Indirect taxation will contribute 5.014 trillion drachmas to state coffers, of which 84 billion drachmas will come from road tax, 145.3 billion drachmas from the special consumption tax on private vehicles, 955.5 billion from fuel tax, 76. 2 billion dra chmas from the tax on alcoholic beverages and 465.2 billion drachmas from the tobacco tax.

    Value Added Tax (VAT) is expected to contribute a total of 2.520 trillion drachmas, while non-fiscal revenue will reach 843.6 billion drachmas.

    The total revenue of the general budget is 9.532 trillion drachmas, an increase of 17.5 per cent over 1996, of which the regular budget will account for 8.715 trillion drachmas, marking an increase of 15.6 per cent.

    On the other side, the general budget provides for total expenditures of 11.891 trillion drachmas, an increase of 9.4 per cent, of which 10.225 trillion drachmas are the regular expenditures of ministries etc., an increase of 4.9 per cent, and more than 1 .66 trillion drachmas are for the Public Investment Programme, an increase of 48.8 per cent.

    On the basis of these figures, the deficit, or borrowing requirements, will total 2.010 trillion drachmas, marking a drop of 27.1 per cent. The regular budget deficit, without debt servicing, is estimated at 1.510 trillion drachmas, marking a decrease o f 31.7 per cent.

    As a percentage of GDP, the deficit will therefore fall to 6.2 per cent, from 9.3 per cent this year.

    The 1997 budget allocates 696.85 billion drachmas for defence, an increase of 12.8 per cent, 1.158 trillion drachmas for education, up 18.4 per cent, 809.95 billion drachmas for health and social welfare, an increase of 10.9 per cent, 1.015 trillion dra chmas for social security, up 2.8 per cent, 175 billion drachmas for social policy, 390 billion drachmas for agriculture, an increase of 7 per cent, and 4.176 billion drachmas for other expenditures, an increase of 15.7 per cent.

    Following a meeting with ND deputies on the budget, main opposition New Democracy leader Miltiades Evert said the government was "following the established course, launching a tax raid which will be paid by those having no hope under the sun."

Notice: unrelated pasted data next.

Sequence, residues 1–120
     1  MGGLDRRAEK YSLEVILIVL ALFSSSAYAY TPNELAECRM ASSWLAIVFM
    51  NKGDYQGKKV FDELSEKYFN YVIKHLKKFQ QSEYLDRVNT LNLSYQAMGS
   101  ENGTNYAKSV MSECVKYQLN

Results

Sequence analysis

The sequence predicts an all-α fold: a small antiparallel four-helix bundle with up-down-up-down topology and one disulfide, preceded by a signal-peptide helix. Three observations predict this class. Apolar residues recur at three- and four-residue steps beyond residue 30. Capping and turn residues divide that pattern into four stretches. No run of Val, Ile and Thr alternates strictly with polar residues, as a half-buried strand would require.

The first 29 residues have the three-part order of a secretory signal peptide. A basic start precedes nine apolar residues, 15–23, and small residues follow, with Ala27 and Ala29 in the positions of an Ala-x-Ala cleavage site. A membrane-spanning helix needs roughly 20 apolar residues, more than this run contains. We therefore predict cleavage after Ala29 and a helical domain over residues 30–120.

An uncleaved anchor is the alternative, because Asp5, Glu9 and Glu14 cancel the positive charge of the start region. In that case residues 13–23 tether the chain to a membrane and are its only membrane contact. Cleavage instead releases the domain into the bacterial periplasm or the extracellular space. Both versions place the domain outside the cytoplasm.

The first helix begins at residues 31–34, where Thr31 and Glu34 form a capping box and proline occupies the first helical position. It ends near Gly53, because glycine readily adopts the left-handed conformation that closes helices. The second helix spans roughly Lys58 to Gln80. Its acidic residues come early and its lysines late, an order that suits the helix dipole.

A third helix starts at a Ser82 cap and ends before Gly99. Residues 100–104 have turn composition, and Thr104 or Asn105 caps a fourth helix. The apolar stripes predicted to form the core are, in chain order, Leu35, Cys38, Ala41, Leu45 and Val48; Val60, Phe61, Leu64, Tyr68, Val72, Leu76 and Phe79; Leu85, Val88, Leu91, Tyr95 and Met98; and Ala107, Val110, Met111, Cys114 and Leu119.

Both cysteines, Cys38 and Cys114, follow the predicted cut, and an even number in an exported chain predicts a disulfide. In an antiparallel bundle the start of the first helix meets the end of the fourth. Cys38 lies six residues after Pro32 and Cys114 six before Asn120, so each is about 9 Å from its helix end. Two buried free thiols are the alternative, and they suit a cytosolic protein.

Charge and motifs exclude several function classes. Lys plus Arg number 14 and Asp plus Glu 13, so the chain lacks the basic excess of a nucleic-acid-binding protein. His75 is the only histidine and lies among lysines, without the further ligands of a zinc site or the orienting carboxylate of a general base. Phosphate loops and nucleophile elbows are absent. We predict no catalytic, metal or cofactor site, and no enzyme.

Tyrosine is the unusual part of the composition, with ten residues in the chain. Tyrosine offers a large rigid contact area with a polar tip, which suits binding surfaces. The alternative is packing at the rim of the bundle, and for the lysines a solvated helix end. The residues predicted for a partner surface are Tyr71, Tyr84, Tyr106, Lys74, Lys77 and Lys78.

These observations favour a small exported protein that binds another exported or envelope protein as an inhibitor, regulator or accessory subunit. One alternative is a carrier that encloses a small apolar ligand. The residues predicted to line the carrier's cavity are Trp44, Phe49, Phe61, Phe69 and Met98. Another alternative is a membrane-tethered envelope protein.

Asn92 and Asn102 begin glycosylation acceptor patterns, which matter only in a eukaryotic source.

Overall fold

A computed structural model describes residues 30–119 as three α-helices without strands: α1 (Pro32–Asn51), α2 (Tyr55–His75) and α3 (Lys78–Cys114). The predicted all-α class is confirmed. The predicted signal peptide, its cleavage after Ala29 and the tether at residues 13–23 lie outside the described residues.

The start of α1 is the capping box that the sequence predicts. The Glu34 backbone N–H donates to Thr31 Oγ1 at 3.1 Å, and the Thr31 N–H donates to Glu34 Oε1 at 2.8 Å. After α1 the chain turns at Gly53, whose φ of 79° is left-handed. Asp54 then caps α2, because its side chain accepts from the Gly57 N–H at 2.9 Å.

Mr. Evert said the policy of increasing taxes would lead the economy into recession and dismissed government forecasts of inflation for 1997 as "unrealistic."

    Coalition of the Left and Progress (Synaspismos) leader Nikos Constantopoulos said the tabling of the 1997 budget was surrounded by "an atmosphere of rage and indignation" in Greek society.

    Describing the 1997 budget as "insincere," he said its basic figures, like inflation, "are portrayed with the traditional government tricks."

    The leader of the Democratic Social Movement (DHKKI), Dimitris Tsovolas, said the budget was "inhumane", "class discriminating," and led to a "deadlock."

    "The 1997 budget will make the rich richer and the poor poorer and will increase instead of solve the financial and social problems," he added.

    Prime Minister Costas Simitis is due to leave for Lisbon on Sunday to participate in the summit meeting of the Organisation for Security and Cooperation in Europe (OSCE).

    Government spokesman Dimitris Reppas did not rule out the possibility of Mr. Simitis meeting briefly with US President Bill Clinton on the sidelines of the meeting, although he said there is no official meeting scheduled between the two.